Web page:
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  • honordads 9:17 am on 08/29/2015 Permalink
    Tags: , , hebrew, judaism, , ,   

    Unless Adonai builds the house,
    its builders work in vain.
    Unless Adonai guards the city,
    the guard keeps watch in vain.

    In vain do you get up early
    and put off going to bed,
    working hard to earn a living;
    for he provides for his beloved,
    even when they sleep.

    Children too are a gift from Adonai;
    the fruit of the womb is a reward.
    The children born when one is young.
    are like arrows in the hand of a warrior.

    How blessed is the man
    who has filled his quiver with them;
    he will not have to be embarrassed
    when contending with foes at the city gate.

    — Solomon

     
  • honordads 9:02 am on 03/04/2015 Permalink
    Tags: , , jewish family, judaism   

    Dreams from Netanyahu’s Father:

    Netanyahu reached deepest when he sketched the logic of Zionsim. “The days when the Jewish people remained passive in the face of genocidal enemies, those days are over,” he declared. Congress erupted in applause. “We are no longer scattered among the nations, powerless to defend ourselves. We restored our sovereignty in our ancient home. And the soldiers who defend our home have boundless courage. For the first time in 100 generations, we, the Jewish people, can defend ourselves.”

    “Even if Israel has to stand alone, Israel will stand,” he said, before adding that he knows Israel does not stand alone but that “America stands with Israel.” Then he looked across the chamber to the bas-relief of Moses, who brought down the laws of God from Sinai, in whose light the American Founders labored. “Be strong and resolute, neither fear nor dread them,” he quoted Moses as saying.

    No doubt had Benzion Netanyahu been alive this day, he’d have been the first to his feet in the final ovation.

    I’m still amazed by others’ amazement at the infinite depth of Jewish patriarchy. It’s a bug for liberals, but I think God sees it as a feature.

     
  • honordads 12:13 pm on 02/02/2015 Permalink
    Tags: , coming of age, judaism, young men   

    Sebastian Junger knows why young men go to war.

    The Oscar-nominated Restrepo is about the job. Korengal is about the men. The Last Patrol is about those men trying to come home. In a long and discursive interview, we talked with Junger about warped perceptions of the troops, why he went to war and modern conceptions of manhood.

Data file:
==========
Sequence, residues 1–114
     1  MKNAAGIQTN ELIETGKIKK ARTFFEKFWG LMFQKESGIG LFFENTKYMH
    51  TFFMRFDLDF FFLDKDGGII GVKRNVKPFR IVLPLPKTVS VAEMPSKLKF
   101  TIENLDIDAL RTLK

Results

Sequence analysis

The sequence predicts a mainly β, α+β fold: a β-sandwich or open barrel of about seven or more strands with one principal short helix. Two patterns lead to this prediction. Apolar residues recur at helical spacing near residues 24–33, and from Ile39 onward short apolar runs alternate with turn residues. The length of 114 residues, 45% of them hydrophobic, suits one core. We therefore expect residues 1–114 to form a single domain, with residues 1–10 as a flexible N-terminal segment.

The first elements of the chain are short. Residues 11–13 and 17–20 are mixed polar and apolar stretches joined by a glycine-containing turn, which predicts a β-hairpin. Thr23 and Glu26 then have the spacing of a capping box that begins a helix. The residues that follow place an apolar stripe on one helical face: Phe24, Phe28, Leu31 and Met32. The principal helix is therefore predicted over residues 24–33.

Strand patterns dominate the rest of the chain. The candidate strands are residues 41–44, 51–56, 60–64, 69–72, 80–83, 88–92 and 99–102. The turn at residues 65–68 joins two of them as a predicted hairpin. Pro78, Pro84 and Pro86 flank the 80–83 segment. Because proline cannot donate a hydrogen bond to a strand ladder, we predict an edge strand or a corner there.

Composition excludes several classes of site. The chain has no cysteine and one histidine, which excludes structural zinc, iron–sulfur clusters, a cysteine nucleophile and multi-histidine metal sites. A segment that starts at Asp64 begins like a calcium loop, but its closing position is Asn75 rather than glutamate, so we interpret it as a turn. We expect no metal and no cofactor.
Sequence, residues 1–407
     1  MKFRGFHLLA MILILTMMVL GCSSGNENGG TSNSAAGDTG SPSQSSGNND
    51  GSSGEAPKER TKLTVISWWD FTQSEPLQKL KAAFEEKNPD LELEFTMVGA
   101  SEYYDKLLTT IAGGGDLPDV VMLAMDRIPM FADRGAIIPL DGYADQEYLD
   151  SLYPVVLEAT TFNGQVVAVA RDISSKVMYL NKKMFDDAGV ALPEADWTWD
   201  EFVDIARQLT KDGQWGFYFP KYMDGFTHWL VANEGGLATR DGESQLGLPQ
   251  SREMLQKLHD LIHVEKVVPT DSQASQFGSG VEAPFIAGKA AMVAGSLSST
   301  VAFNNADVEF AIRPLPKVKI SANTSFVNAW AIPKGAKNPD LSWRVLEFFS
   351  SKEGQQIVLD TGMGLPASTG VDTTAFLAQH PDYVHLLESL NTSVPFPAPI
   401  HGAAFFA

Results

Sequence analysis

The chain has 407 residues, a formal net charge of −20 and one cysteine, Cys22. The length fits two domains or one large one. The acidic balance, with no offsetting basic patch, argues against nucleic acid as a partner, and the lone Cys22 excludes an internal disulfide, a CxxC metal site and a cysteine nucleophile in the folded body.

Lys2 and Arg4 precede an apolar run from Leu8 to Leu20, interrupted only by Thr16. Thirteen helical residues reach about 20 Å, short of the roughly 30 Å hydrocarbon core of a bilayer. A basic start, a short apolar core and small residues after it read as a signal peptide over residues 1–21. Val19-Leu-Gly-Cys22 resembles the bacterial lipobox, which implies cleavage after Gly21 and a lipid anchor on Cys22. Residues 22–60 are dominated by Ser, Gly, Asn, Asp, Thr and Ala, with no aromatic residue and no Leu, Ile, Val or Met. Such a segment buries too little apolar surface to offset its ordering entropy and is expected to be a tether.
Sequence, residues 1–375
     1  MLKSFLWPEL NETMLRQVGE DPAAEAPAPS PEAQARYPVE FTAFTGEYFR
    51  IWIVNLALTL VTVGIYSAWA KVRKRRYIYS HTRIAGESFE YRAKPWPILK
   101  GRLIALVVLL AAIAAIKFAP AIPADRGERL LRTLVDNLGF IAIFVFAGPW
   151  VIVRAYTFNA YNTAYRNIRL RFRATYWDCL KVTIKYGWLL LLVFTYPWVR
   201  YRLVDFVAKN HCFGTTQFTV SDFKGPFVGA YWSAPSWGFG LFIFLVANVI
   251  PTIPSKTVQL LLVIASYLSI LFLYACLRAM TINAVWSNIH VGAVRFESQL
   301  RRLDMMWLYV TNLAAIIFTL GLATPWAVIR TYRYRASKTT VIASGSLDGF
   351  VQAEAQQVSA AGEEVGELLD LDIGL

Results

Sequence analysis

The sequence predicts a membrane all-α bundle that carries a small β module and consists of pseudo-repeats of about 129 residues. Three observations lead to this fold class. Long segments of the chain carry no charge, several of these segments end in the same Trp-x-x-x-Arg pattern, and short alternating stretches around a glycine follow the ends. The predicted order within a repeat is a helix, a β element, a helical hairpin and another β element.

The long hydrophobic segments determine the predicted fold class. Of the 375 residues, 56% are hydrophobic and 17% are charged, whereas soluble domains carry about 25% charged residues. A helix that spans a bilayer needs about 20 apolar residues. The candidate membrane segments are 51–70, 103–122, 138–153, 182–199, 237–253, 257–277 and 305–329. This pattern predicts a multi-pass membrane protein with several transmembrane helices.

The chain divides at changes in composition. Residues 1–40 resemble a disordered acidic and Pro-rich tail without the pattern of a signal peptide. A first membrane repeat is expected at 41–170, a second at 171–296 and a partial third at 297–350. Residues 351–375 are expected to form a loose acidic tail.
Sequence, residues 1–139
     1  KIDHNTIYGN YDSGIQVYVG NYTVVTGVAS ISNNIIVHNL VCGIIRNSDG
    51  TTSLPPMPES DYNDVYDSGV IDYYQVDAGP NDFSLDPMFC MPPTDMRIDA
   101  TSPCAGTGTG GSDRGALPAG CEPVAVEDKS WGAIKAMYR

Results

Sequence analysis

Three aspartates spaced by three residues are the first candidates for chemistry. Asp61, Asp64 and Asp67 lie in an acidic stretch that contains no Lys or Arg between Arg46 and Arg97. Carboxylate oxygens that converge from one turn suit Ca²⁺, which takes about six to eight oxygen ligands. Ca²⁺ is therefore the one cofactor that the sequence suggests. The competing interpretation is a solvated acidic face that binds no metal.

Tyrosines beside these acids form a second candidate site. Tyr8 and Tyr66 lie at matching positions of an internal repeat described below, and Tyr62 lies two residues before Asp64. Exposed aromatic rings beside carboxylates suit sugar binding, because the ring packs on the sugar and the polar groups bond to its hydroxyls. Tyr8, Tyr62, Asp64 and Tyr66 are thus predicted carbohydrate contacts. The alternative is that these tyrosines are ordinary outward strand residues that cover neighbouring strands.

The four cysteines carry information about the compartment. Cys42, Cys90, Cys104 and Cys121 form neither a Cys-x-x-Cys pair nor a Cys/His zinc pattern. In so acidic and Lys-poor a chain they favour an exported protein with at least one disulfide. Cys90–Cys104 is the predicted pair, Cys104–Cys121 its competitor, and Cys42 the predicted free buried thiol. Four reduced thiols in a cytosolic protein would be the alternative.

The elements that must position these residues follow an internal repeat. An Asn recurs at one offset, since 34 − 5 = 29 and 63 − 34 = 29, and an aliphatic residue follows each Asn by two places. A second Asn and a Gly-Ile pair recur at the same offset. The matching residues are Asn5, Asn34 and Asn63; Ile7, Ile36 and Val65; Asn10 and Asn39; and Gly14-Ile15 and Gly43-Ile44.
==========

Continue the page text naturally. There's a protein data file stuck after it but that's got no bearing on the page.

Junger argues that Americans are enamored with war, even when they say they don’t believe in it. He also thinks young men in the west no longer have a sense of what it means to be a man—and some of them go to war to find out.

    We’re in big trouble if war and prison are the only two places a boy learns to become a man.

    Along those lines, I continue to wade through a little book on Fathering by the late/great Myles Munroe, who had a very interesting insight into Biblical Jewish culture and the patriarchy. Biblical, because Jewish culture of late is a different thing

    He covers a lot of ground, but points out the benefits of Jewish tradition surrounding the Bar Mitzvah. Every boy has a defined path for him to manhood. And every man is involved in the approval process. Women have cotillions. I know of no such formal tradition for young men in Evangelicalism or Protestantism.

    Perhaps this upholding of such a masculine tradition is another reason why liberals – both secular and religious – have such a difficult time with Jewish orthodoxy.   

     
  • honordads 5:59 pm on 01/12/2015 Permalink
    Tags: judaism,   

    Vos poulets sont venus la maison au perchoir.

     
  • honordads 12:23 pm on 08/26/2014 Permalink
    Tags: , , , judaism, judges, old testament,   

    Then the Spirit of the Lord came on Jephthah. He crossed Gilead and Manasseh, passed through Mizpah of Gilead, and from there he advanced against the Ammonites. And Jephthah vowed to the Lord:

    If you give the Ammonites into my hands, whatever comes out of the door of my house to meet me when I return in triumph from the Ammonites will be the Lord’s, and I will sacrifice it as a burnt offering.

    Then Jephthah went over to fight the Ammonites, and the Lord gave them into his hands. He devastated twenty towns from Aroer to the vicinity of Minnith, as far as Abel Keramim. Thus Israel subdued Ammon.

    When Jephthah returned to his home in Mizpah, who should come out to meet him but his daughter, dancing to the sound of timbrels! She was an only child. Except for her he had neither son nor daughter. When he saw her, he tore his clothes and cried,

    Oh no, my daughter! You have brought me down and I am devastated. I have made a vow to the Lord that I cannot break.

    She replied,

    My father, you have given your word to the Lord. Do to me just as you promised, now that the Lord has avenged you of your enemies, the Ammonites. But grant me this one request. Give me two months to roam the hills and weep with my friends, because I will never marry.

    And he let her go for two months. She and her friends went into the hills and wept because she would never marry. After the two months, she returned to her father, and he did to her as he had vowed. And she was a virgin.

    From this comes the Israelite tradition that each year the young women of Israel go out for four days to commemorate the daughter of Jephthah the Gileadite.

    — From the Old Testament Book of Judges, Chapter 11

     
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